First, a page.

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Volume 10, Issue 4 (July-August 2016)                   IJT 2016, 10(4): 25-32 | Back to browse issues page

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Mohiseni M, Asayesh S, Shafiee Bazarnoie S, Mohseni F, Moradi N, Matouri M et al . Biochemical Alteration Induced by Cadmium and Lead in Common Carp via an Experimental Food Chain. IJT. 2016; 10 (4) :25-32
URL: http://ijt.arakmu.ac.ir/article-1-471-en.html
1- Department of Fisheries, Behbahan KhatamAlanbia University of Technology, Behbahan, Iran. , mohiseni@ut.ac.ir
2- Department of Fisheries, Behbahan KhatamAlanbia University of Technology, Behbahan, Iran.
Abstract:   (3862 Views)

Background: Evaluation on the toxicity of two mainly contaminant heavy metals, cadmium (Cd) and lead (Pb) through the food chain was the aim of this study.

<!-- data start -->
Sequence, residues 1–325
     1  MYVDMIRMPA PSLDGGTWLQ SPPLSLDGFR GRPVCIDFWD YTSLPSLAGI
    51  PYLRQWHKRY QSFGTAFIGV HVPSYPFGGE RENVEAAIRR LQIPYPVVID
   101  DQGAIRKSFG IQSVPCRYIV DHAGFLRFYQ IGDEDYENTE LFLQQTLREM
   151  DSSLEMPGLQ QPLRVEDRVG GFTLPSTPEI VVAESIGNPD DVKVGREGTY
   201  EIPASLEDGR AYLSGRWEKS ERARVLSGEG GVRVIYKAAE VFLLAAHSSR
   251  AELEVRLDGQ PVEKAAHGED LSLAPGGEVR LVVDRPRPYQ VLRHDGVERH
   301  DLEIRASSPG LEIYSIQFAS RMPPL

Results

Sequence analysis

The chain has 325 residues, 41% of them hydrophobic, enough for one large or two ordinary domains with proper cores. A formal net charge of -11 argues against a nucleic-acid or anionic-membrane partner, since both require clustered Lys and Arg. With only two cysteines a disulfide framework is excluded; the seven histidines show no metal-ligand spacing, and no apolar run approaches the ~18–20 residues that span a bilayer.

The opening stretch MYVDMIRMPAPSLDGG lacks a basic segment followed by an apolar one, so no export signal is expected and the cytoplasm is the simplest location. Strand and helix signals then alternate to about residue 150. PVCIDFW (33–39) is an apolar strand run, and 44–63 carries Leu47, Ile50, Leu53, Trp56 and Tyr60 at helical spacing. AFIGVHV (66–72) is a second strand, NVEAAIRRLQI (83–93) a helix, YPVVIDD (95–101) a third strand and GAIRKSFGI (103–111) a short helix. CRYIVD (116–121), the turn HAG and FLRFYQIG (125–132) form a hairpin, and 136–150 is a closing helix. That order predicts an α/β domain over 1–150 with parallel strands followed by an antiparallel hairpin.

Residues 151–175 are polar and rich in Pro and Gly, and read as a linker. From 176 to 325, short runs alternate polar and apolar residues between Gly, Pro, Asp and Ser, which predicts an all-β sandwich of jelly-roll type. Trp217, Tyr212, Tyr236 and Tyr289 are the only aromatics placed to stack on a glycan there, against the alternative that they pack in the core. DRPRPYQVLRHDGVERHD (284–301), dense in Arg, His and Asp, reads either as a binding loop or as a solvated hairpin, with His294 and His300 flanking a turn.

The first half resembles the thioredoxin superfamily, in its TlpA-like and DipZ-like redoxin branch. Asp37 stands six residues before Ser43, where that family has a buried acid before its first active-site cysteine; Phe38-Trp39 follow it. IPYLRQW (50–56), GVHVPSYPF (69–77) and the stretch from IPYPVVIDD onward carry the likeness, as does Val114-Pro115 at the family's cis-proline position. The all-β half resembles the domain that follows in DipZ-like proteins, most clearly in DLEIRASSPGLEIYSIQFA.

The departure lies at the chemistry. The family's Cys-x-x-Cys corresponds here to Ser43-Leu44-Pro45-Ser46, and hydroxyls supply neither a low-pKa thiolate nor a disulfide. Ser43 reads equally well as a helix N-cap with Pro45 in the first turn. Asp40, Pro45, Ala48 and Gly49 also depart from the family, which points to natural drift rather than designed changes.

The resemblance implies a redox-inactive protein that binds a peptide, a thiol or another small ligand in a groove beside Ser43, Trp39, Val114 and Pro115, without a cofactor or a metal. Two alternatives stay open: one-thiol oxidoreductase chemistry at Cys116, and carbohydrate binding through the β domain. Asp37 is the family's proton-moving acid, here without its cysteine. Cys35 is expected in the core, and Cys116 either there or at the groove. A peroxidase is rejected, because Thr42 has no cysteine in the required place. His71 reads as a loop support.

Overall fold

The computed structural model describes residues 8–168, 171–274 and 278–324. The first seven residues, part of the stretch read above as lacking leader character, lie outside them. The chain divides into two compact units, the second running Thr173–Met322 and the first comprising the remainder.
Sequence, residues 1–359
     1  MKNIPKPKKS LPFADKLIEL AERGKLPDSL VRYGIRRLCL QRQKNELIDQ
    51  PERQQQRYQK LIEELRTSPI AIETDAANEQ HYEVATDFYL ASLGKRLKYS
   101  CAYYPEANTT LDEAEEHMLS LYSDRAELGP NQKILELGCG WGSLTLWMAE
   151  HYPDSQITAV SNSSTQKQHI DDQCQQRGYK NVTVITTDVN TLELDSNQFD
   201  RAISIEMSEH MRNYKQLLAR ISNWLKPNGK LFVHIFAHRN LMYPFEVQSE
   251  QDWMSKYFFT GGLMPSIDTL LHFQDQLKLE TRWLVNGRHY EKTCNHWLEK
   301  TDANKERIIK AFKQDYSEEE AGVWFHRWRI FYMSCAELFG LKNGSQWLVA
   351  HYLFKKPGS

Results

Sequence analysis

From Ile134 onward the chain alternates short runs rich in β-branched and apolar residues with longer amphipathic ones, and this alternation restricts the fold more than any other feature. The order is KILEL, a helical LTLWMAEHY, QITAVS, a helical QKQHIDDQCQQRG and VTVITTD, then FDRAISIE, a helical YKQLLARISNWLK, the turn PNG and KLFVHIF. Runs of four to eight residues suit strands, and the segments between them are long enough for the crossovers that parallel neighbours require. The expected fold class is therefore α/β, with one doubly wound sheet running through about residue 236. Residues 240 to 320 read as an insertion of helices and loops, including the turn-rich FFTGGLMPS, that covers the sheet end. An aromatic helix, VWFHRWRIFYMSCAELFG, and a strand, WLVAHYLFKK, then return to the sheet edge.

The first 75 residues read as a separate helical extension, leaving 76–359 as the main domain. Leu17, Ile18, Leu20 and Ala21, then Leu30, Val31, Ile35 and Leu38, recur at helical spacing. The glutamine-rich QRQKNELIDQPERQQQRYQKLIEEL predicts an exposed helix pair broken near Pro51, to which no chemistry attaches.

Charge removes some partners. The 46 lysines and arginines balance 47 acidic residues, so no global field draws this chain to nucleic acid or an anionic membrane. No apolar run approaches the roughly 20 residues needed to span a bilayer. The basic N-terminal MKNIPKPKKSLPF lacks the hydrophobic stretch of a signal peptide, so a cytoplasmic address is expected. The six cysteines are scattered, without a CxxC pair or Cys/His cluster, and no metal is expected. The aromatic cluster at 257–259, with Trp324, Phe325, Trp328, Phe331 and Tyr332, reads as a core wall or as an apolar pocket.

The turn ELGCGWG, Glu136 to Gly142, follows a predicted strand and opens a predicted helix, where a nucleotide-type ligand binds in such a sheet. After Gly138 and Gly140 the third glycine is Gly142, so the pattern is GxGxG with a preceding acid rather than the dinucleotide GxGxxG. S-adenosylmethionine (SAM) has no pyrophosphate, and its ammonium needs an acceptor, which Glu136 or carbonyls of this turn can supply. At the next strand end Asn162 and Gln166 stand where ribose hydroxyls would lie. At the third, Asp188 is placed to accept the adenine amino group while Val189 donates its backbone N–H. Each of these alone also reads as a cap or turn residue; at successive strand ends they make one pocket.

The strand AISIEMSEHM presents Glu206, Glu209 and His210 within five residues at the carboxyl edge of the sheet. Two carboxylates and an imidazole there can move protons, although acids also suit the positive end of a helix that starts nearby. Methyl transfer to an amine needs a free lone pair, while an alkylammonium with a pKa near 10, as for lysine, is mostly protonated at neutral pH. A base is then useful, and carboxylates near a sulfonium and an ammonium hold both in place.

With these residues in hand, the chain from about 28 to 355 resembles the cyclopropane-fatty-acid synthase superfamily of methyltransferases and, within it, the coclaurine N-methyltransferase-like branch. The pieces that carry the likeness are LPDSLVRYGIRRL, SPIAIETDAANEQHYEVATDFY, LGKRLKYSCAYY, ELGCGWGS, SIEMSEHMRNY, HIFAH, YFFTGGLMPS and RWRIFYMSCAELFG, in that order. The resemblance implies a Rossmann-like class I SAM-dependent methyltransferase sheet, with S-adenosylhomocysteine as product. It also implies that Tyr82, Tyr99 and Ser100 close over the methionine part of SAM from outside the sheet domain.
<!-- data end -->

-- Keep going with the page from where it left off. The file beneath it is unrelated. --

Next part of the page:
Methods: A total number of 270 healthy common carp (4±1.14 g) in April, 2015 transported to the Khatam Alanbia University of Technology, Behbahan, Iran. Fishes were divided into three groups and transferred to the 20 L aquaria each containing 30 juveniles. The first group (control) fed by metal-free Artemia fransiscan anauplii throughout the experiment. The second and third groups were feeding by Cd and Pb (1.5 mg/L free ion) contaminated nauplia, respectively. The experimental study was carried out for three weeks and sampling was done in 4th, 7th, 14th and 21st days. Finally, the alterations in plasma biochemical responses were determined.

Results: Alanine aminotransferase and aspartate aminotransferase activities increased in response to feeding Pb-contaminated nauplia. Creatine phosphokinase activity showed significant increase in fourth day about both Cd and Pb and at the end of experiment only in Cd treatment (P<0.05). Cholesterol and triglyceride were increased significantly only for Pb (P<0.05). Plasma glucose and creatinine levels increased by both heavy metals compared to the control but glucose just remained high only for Pb at the end of the experiment. Total protein, albumin and globulin were significantly declined in both metal contaminated groups (P<0.05).

Conclusion: It seems Pb had a greater toxicity than Cd through the food chain and it may be due to its more trophic transfer than Cd.

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Type of Study: Research | Subject: Special

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